Backed by former Tesco chief executive, Sir Terry Leahy, fast-growing Parentapps is already providing bespoke apps for 350 schools across the country and predicts it will have passed the 500 mark over the next six months.
The venture as founded in 2015 by Kevin Clayton, chief executive of the business, along with his wife Hailey Clayton, who is the fi rm’s sales director. The couple have two young daughters and were well aware of the haphazard nature by which schools communicate with parents.
Not only are the most currently-used methods of communication between schools and parents costly, they are also inefficient. Important letters are given to children to pass to their parents but they can often end up scrunched up and forgotten at the bottom of a school bag.
Mr Clayton said: “Too many of our schools are spending 30 hours a week on parental communication, between preparing and sending newsletters and texts, to answering and making phone calls regarding specific students. “Savings can be made by doing away with expensive text messaging services, as well as going paperless. Additionally, the time saved using the app can be reinvested into more important things, such as teaching.”
Ignoring CDM construction regulations will cost money and lives, expert warns
Confusion and ignorance around CDM (construction, design and management) regulations has the potential to cost lives in the UK building industry, a Liverpool expert is warning.
Alan Robson, co-founder of CDM consultancy Project Four, has spoken out after the director of a construction company in Yorkshire was fi ned £30,000 by a court following the partial collapse of a roof during work on a new apartment block. It was found that the roof structure had been poorly designed and was not able to withstand the loads placed on it. Three workers on site at the time luckily escaped injury when it collapsed.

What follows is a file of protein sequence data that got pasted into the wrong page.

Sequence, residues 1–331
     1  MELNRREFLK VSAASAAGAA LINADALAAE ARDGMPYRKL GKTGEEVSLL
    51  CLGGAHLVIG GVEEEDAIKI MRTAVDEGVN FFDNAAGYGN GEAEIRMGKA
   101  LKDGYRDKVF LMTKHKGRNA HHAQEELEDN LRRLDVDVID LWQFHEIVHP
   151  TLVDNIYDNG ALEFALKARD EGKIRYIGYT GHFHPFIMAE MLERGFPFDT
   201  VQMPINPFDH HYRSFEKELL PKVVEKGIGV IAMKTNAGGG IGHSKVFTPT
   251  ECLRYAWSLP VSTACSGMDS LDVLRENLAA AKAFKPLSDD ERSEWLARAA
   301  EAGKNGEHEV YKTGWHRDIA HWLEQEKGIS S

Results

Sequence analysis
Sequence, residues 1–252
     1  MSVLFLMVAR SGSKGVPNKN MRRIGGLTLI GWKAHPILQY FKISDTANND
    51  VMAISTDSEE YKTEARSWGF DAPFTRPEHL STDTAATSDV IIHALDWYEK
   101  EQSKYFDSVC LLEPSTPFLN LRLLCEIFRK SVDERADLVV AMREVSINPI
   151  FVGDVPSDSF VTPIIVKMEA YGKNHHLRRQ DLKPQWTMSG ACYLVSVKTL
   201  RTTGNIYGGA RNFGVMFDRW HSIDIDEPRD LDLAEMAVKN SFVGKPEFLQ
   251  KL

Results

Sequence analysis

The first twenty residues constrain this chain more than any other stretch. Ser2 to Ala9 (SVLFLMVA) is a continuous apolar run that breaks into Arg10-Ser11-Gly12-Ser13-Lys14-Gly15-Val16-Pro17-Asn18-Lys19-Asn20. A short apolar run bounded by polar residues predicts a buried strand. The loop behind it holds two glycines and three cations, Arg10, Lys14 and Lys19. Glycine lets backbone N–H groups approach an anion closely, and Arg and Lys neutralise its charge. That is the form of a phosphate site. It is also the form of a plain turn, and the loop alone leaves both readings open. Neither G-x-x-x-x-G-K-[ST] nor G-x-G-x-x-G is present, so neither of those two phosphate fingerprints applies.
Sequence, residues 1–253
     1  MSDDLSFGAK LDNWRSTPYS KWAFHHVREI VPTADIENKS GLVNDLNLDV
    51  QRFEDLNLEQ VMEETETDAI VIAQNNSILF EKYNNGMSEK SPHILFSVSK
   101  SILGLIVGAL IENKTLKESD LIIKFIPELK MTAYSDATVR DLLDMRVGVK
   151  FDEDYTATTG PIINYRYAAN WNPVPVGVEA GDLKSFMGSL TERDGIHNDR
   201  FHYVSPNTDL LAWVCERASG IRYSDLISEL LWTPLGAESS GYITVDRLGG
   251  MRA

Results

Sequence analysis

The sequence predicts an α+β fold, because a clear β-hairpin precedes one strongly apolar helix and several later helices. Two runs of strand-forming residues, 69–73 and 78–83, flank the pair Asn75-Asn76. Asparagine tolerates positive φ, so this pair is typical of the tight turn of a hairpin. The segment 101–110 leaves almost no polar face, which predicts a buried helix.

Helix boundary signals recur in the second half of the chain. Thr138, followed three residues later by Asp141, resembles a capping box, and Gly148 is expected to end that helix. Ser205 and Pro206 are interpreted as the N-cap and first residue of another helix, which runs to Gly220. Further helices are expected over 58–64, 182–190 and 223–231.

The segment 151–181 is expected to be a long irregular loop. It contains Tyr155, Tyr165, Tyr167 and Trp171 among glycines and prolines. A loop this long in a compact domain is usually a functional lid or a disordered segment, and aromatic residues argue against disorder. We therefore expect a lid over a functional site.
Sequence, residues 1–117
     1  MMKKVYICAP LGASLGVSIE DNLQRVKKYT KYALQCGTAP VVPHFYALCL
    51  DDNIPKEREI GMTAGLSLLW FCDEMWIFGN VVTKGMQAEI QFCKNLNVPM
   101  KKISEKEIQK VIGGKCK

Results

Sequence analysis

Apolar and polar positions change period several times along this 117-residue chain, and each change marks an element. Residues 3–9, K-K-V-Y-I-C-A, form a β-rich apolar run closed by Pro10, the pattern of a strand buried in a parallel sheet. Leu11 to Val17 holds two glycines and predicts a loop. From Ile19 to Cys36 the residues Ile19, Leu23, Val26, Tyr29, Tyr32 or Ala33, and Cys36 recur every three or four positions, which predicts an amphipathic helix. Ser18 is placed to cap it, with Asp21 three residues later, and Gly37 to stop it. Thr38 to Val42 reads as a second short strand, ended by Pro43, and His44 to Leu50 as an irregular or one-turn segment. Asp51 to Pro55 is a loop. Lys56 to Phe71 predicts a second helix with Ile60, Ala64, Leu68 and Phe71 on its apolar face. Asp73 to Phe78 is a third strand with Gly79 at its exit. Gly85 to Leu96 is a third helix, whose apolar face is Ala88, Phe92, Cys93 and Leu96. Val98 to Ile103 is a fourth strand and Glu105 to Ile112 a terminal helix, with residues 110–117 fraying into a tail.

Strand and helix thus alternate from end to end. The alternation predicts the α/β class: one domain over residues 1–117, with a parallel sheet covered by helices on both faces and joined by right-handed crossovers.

According to Alan, who runs Project Four from Avenue HQ in Liverpool with fellow director Max Meadows, it is not uncommon for the Health and Safety Executive (HSE) to target building contractors, saying: “Even on the best-run sites, a contravention of CDM regulations is not difficult to find.”
But he adds the HSE is also increasingly focusing on other professionals in the supply chain, including designers, principal designers and clients. He has witnessed HSE inspectors attending design team meetings and requesting evidence from designers and clients to demonstrate their compliance with CDM 2015.
The Yorkshire development was taking place on land previously occupied by a public house and Alan said that it is on brownfield developments such as this where the risks are greatest and a lack of understanding of CDM regulations is creating the potential for serious injuries and even deaths among construction workers.
Current CDM regulations were introduced in 2015 and created the role of ‘principal designer’. This is a statutory appointment to be made by the client, usually the architect or the main contractor. If the client fails to appoint a principal designer then ultimate responsibility for CDM compliance falls on them.
Project Four is working on projects in the North West and across the UK including a scheme to build a hotel next to Liverpool’s new Cruise Line Terminal.
Liverpool – what can you say about this city that hasn’t already been said? Well, quite a lot actually.